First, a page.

Reply by knotscott

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Posted on Blame the .0001 drift.

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8014 posts in 3374 days

#1 posted 10-28-2012 02:55 PM

The blame is almost always on me when things go wrong, and things never don’t go wrong for an entire project! I’ve used my fair share of tools that weren’t particularly pleasant to use, or that were barely capable of the task, but unless the tool is losing adjustment in the middle of a cut, most deviations are my fault. In fact, most of my “deviations” are doozies that really require a stronger term! I don’t waste much time miss-cutting a piece by an 1/8” or so… Most are far bigger screwups!

I’m heavily in favor tools that have good inherent precision, and setting them up to tolerances that they’re capable of, but I think a lot people get carried away playing the small tolerance numbers game without even giving thought to how it relates to their woodworking projects. It is wood, and many boards will expand and contract far more than the tolerances of our tools. It drives me nuts to see folks fretting over miniscule deviations from flatness on their new TS, and wondering if they should return the saw without even seeing how it cuts. Once the tools reach a certain quality level, tight tolerance are just table stakes….it’s an expectation. Their desirability for me becomes more about intangibles of how well they work, how much I like using them, how they feel, power, mass, capacities, features, sound, convenience, value, etc.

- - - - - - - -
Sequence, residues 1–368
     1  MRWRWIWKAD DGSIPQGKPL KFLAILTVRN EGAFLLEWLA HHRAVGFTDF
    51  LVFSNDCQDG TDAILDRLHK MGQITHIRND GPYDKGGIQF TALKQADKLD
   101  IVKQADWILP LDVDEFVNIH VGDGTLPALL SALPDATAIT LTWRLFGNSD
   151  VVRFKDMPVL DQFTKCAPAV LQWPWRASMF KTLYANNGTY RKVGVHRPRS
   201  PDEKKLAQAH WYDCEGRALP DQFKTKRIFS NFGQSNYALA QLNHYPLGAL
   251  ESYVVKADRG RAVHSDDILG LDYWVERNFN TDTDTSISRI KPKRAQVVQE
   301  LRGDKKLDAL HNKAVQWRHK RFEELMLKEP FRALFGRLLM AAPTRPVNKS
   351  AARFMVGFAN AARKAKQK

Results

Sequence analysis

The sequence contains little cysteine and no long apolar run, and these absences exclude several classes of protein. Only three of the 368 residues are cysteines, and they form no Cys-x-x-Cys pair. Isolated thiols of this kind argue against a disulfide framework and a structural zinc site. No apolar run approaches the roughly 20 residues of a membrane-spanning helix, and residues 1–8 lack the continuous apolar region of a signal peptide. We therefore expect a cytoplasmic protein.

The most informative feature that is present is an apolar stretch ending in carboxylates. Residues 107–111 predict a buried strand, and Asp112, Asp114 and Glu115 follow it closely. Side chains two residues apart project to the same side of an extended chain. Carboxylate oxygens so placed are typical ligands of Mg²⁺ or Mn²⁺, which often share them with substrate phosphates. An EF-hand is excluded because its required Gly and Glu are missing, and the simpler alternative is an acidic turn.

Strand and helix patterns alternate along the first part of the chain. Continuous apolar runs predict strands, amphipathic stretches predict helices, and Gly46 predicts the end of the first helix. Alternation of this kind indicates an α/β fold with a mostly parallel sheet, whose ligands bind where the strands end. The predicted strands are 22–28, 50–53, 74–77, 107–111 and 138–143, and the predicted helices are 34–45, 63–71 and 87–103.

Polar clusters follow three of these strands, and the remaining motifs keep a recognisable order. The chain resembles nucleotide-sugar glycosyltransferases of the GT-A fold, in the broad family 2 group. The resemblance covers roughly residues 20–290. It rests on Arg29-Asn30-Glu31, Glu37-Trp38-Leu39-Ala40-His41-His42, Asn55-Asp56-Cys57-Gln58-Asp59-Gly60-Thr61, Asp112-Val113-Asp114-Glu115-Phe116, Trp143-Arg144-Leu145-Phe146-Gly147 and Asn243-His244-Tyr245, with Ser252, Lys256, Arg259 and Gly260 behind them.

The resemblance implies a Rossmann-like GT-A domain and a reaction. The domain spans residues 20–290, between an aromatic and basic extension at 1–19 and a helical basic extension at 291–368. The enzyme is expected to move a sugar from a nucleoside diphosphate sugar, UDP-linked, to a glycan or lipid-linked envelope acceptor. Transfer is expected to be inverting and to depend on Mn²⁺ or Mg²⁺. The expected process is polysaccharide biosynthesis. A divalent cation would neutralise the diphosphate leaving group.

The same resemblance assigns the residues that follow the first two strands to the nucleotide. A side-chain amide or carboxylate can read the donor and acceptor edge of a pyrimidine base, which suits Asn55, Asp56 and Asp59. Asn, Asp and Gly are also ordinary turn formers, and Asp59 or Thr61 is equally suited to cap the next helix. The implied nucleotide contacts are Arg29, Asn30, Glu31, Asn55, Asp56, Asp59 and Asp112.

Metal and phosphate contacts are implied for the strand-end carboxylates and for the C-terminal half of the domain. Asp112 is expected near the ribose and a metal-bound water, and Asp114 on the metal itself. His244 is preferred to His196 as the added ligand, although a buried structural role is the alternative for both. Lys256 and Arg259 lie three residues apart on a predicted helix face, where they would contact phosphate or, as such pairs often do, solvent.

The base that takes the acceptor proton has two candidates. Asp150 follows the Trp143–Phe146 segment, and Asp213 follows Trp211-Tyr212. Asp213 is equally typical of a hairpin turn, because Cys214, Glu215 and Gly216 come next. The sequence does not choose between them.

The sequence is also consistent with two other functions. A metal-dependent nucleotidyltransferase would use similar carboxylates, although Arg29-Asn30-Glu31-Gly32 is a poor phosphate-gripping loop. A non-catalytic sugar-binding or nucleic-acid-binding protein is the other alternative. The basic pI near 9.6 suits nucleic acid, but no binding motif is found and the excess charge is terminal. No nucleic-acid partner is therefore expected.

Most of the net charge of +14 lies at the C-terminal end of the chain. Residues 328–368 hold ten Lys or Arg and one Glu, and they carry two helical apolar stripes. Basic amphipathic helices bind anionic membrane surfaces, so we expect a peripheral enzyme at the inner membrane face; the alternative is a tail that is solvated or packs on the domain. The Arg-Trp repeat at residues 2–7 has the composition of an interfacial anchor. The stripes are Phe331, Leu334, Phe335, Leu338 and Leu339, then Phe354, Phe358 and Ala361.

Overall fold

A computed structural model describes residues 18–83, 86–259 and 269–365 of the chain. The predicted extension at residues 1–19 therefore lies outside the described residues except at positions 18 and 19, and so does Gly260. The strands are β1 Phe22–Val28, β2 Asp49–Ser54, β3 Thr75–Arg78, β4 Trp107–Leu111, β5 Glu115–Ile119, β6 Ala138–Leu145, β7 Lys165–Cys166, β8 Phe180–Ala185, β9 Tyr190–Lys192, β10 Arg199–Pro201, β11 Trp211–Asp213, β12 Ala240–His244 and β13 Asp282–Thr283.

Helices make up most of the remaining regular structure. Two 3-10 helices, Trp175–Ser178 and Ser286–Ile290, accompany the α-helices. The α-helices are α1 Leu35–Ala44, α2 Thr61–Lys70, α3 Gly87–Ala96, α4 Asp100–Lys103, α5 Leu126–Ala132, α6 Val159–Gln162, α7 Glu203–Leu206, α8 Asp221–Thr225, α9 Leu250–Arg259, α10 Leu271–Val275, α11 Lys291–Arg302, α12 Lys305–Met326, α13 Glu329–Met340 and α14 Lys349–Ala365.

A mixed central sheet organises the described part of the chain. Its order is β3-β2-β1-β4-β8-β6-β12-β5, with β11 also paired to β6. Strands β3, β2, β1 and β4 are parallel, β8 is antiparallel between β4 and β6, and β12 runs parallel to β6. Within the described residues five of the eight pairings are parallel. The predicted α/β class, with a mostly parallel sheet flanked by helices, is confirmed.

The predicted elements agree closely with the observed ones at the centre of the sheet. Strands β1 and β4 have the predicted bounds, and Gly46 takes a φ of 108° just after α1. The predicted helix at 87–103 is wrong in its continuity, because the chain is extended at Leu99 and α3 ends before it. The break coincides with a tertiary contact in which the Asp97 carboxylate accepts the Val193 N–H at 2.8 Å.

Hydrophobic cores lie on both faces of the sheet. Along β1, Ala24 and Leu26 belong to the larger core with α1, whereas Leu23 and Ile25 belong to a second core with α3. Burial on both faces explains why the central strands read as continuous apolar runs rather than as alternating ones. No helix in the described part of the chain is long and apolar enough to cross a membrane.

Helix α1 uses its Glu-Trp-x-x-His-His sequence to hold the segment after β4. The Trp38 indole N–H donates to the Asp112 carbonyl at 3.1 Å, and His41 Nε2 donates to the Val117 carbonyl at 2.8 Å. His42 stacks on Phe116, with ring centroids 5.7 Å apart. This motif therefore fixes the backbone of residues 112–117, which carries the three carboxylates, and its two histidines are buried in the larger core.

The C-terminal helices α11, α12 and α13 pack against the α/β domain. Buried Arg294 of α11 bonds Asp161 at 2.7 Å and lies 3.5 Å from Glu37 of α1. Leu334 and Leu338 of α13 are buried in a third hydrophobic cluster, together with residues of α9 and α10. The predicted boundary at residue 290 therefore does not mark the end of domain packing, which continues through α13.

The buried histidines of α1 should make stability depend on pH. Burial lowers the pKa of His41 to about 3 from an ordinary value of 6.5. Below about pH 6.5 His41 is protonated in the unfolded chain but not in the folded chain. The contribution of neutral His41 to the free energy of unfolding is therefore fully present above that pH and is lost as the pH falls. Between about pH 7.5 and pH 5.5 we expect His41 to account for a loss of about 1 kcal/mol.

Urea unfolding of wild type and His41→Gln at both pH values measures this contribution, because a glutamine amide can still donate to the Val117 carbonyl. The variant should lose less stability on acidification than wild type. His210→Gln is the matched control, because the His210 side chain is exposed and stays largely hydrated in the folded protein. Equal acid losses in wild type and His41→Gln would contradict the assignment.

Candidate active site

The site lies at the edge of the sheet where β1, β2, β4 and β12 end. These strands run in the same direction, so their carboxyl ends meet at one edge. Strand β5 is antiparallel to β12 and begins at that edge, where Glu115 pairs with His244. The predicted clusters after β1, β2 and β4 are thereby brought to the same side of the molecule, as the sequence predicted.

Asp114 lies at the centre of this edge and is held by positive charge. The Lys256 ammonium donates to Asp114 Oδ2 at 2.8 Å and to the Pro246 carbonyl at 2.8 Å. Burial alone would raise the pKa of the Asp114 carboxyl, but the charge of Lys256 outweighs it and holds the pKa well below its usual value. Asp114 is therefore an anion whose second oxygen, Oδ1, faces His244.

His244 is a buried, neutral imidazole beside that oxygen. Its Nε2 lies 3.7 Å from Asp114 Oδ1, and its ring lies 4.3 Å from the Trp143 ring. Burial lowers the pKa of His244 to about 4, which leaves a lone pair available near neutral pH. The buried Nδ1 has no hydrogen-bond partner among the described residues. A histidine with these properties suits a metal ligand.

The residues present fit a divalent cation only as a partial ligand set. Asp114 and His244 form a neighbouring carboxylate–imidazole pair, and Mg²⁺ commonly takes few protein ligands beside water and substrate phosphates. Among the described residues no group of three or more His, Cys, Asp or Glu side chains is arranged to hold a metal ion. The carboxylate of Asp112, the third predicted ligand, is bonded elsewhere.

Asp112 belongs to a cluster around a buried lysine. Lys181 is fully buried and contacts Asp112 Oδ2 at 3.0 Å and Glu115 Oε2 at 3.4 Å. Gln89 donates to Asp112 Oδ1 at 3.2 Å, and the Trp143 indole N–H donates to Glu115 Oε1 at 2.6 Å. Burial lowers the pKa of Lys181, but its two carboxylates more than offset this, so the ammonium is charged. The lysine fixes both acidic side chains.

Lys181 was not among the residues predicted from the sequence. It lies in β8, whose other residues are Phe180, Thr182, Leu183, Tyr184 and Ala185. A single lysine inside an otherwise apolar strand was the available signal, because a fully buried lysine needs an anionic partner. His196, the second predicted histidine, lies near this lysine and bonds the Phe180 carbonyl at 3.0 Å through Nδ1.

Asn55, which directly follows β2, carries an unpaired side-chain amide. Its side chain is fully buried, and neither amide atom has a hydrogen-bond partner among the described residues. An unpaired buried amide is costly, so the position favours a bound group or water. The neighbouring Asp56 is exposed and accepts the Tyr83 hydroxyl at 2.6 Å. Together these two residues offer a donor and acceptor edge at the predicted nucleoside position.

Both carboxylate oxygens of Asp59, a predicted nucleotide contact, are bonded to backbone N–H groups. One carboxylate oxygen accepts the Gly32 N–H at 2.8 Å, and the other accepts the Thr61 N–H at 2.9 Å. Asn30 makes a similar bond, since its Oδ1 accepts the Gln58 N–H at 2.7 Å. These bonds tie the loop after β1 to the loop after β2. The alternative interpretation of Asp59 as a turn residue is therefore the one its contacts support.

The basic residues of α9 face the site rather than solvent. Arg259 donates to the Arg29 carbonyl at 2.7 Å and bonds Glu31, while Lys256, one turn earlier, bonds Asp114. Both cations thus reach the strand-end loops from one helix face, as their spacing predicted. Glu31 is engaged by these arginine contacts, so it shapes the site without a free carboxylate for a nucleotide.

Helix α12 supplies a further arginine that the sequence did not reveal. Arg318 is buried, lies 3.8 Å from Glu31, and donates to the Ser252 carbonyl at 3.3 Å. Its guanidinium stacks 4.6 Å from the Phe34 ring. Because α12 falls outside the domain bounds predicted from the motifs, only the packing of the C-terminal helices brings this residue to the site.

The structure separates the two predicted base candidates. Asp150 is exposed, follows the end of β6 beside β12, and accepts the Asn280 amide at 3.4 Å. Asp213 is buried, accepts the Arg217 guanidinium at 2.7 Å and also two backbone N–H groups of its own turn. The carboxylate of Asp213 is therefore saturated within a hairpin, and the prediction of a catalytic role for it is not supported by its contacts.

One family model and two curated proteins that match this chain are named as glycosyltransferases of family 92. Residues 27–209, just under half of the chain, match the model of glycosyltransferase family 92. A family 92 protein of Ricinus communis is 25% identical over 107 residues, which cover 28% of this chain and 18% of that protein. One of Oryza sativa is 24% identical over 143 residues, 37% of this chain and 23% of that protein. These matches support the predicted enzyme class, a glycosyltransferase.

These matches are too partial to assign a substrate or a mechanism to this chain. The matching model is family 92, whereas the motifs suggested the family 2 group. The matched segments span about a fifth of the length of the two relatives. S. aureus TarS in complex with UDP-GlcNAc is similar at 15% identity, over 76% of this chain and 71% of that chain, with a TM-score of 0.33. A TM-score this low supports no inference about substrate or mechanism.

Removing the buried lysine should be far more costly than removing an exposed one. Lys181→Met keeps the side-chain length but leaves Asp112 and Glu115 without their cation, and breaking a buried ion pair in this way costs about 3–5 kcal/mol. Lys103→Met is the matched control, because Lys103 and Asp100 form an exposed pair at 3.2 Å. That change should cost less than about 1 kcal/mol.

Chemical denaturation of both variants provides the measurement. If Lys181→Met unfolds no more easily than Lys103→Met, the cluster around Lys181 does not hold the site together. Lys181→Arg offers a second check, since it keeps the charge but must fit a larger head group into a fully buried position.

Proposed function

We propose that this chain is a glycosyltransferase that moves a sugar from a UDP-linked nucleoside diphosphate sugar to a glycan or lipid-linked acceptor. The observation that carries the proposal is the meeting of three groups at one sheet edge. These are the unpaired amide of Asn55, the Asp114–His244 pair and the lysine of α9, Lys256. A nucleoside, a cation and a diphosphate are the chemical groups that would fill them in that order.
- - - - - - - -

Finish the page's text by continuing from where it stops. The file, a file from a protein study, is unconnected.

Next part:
“Oopserator” is my new vocabulary word of the day!

-- Happiness is like wetting your pants...everyone can see it, but only you can feel the warmth....

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